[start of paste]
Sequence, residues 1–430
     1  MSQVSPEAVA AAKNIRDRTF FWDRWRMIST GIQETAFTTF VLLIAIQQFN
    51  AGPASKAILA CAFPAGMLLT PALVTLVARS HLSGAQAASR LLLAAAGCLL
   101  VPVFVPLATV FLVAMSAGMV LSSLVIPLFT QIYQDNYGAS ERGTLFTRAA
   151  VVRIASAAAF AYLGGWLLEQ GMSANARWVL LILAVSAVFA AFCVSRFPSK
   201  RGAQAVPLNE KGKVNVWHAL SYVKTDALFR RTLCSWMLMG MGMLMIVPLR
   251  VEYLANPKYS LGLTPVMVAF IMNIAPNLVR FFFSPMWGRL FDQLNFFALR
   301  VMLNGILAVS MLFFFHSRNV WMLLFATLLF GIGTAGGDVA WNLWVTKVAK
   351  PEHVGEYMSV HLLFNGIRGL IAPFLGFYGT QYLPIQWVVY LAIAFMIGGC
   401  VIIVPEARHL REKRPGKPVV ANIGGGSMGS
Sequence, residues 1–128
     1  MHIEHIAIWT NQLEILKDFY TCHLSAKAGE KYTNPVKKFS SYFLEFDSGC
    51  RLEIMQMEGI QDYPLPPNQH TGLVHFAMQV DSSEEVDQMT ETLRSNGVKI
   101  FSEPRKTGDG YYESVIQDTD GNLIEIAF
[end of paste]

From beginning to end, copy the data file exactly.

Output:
Sequence, residues 1–430
     1  MSQVSPEAVA AAKNIRDRTF FWDRWRMIST GIQETAFTTF VLLIAIQQFN
    51  AGPASKAILA CAFPAGMLLT PALVTLVARS HLSGAQAASR LLLAAAGCLL
   101  VPVFVPLATV FLVAMSAGMV LSSLVIPLFT QIYQDNYGAS ERGTLFTRAA
   151  VVRIASAAAF AYLGGWLLEQ GMSANARWVL LILAVSAVFA AFCVSRFPSK
   201  RGAQAVPLNE KGKVNVWHAL SYVKTDALFR RTLCSWMLMG MGMLMIVPLR
   251  VEYLANPKYS LGLTPVMVAF IMNIAPNLVR FFFSPMWGRL FDQLNFFALR
   301  VMLNGILAVS MLFFFHSRNV WMLLFATLLF GIGTAGGDVA WNLWVTKVAK
   351  PEHVGEYMSV HLLFNGIRGL IAPFLGFYGT QYLPIQWVVY LAIAFMIGGC
   401  VIIVPEARHL REKRPGKPVV ANIGGGSMGS
Sequence, residues 1–128
     1  MHIEHIAIWT NQLEILKDFY TCHLSAKAGE KYTNPVKKFS SYFLEFDSGC
    51  RLEIMQMEGI QDYPLPPNQH TGLVHFAMQV DSSEEVDQMT ETLRSNGVKI
   101  FSEPRKTGDG YYESVIQDTD GNLIEIAF